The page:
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What causes ADHD?

Monday, 12 March 2018. Posted in ADHD/ADD

What Causes ADHD? | Clinical Partners

In this blog, Dr Sabina Dosani, Child and Adolescent Psychiatrist and Clinical Partner London, looks at what ADHD is and what the causes are thought to be.

Attention deficit hyperactivity disorder (ADHD) is a behavioural syndrome characterised by core symptoms of hyperactivity, impulsivity and inattention. Some children diagnosed with ADHD are predominantly hyperactive and impulsive, while others are chiefly inattentive.

First suggestions of ADHD are typically educational underachievement, but can also be frequent accidents, minor criminality and serious yet not readily explicable disruptions to family life. For a child with ADHD, the outside world rushes in as a flood of noise and images and it is difficult or impossible to decide what is important.

ADHD is diagnosed more frequently in boys than in girls.

Children with ADHD are often found to have one or more other mental health disorders or learning disabilities. ADHD lacks physical characteristics so it recognised by behavioural characteristics. ADHD is generally accepted to be a robust clinical syndrome that satisfies particular diagnostic criteria.

 

What causes ADHD?

The precise causes of ADHD are unknown. Research has indicated that ADHD runs in families, but the responsible genes have not been identified. ADHD is a medical condition affecting the brain that makes it difficult for children to control their behaviour. Poorly controlled ADHD can have a calamitous effect on the lives not only of children and young people, but also their families, siblings and friends.

Years of being told off or hectored for bad behaviour can contribute to educational underachievement and social disadvantage. The line between normal and abnormal behaviour is often blurred and subjective. Many children who have other emotional or behavioural disturbances also show signs of core ADHD symptoms.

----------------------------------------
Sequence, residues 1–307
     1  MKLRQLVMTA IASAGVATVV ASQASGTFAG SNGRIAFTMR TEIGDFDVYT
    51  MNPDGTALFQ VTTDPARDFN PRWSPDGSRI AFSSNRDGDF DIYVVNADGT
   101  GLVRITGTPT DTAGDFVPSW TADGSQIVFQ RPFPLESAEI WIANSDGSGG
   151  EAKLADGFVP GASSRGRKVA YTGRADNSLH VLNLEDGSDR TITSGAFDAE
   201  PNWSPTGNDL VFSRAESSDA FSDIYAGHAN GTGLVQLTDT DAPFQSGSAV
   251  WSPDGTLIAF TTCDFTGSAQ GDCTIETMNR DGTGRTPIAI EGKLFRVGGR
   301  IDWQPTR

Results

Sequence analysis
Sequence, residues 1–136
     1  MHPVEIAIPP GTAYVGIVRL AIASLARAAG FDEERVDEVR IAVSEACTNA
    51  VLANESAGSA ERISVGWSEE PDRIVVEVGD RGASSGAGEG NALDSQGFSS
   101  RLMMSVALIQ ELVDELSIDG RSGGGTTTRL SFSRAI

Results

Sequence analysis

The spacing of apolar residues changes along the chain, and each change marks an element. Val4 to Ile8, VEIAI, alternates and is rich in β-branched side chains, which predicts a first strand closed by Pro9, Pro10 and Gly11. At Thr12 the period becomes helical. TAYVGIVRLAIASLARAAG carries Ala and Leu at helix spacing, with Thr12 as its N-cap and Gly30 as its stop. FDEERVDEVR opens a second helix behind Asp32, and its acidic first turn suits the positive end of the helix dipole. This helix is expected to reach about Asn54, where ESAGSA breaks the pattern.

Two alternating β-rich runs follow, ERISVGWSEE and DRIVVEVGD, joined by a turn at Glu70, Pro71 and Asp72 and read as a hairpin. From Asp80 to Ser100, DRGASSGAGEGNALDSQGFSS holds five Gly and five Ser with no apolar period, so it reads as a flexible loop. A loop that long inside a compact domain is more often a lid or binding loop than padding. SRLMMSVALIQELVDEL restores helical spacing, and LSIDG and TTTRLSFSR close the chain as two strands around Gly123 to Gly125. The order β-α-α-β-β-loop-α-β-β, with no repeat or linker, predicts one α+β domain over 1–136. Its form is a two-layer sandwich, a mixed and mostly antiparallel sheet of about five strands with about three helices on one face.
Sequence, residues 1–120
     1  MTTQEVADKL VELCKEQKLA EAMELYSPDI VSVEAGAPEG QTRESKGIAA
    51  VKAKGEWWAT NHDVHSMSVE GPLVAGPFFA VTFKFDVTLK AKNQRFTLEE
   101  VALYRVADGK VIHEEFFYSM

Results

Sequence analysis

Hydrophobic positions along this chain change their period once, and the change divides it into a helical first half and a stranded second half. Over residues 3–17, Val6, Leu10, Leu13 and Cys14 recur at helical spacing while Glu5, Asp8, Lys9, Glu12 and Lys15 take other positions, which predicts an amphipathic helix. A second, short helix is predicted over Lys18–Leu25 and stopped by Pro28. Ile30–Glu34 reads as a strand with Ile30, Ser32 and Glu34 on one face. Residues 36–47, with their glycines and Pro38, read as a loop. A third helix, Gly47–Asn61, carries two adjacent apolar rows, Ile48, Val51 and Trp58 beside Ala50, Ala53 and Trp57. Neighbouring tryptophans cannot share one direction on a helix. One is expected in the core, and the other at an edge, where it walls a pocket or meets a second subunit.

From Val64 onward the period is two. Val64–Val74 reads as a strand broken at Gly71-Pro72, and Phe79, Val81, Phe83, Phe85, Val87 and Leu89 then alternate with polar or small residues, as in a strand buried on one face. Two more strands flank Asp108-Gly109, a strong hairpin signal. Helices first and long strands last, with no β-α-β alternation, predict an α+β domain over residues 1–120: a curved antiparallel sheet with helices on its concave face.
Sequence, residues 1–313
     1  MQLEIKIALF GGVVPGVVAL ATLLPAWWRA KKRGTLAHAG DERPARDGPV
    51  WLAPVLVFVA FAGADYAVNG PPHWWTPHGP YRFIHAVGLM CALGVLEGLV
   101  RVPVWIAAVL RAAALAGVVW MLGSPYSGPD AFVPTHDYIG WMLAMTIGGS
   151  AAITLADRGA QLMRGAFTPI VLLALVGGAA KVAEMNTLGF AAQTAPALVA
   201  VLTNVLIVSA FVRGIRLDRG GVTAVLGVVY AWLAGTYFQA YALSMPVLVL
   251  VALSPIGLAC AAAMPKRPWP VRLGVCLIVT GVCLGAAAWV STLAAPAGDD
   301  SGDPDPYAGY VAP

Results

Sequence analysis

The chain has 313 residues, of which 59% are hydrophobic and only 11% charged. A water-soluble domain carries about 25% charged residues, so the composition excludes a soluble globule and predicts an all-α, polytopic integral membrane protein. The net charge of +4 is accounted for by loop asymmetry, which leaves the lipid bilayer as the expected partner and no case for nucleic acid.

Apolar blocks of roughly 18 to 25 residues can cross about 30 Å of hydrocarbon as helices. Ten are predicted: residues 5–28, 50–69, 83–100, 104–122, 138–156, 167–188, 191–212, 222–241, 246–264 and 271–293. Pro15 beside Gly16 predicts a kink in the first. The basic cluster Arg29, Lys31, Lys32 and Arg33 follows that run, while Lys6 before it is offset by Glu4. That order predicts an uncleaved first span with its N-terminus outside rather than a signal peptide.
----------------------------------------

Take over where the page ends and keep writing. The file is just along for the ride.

What Causes ADHD?

 

How is the diagnosis of ADHD made?

Two diagnostic criteria are in current use: the International Classification of Mental and Behavioural Disorders 10th revision (ICD-10) and the Diagnostic and Statistical Manual of Mental Disorders 5th edition (DSM-V). ICD-10 uses a narrower diagnostic category, which includes people with more severe symptoms and impairment. DSM-V has a broader, more inclusive definition, which includes a number of different ADHD subtypes.

Definitive diagnosis requires the presence of symptoms before child reaches seven years, and that symptoms continue for at least six months, occur in more than one setting (for instance at home, school, or with friends), cause significant functional impairment and cannot be better explained by another psychiatric childhood condition.

Diagnostic tools are used, such as questionnaires and psychometrics, which ask questions of the parents, school and even the child (depending on their age). A detailed history will be taken to understand the child’s development and challenges. The Psychiatrist or other health professional will also spend time with the child to observe their behaviours first hand.

Child ADHD Diagnosis

 

Isn’t it just naughty behaviour?

ADHD differs from naughty or boisterous behaviour in that children with ADHD struggle with inattention, daydream, are disorganised and often lose things. Children with hyperactivity problems seem to be on the go all the time, are into everything and are often restless and talkative. Although many children show some disruptive behaviour as part of growing up, those with ADHD have behavioural problems so all-encompassing and unrelenting it disrupts their lives and the lives of those around them.

It has been suggested ADHD is overdiagnosed and overtreated and that many of these children are simply naughty or boisterous.

A key consideration in differentiating naughty or boisterous behaviour from core symptoms of ADHD, is the degree of functional impairment across multiple contexts, and the degree to which these deficits interfere with a child’s normal developmental trajectory, as perceived by multiple informants.

If you want to find out more about ADHD or talk about an assessment, please call the Clinical Partners triage team on 0203 761 7026.

Clinical Partners is the UK’s largest private mental health partnership, helping children, adults, families and organisations nationwide.

Dr Sabina Dosani

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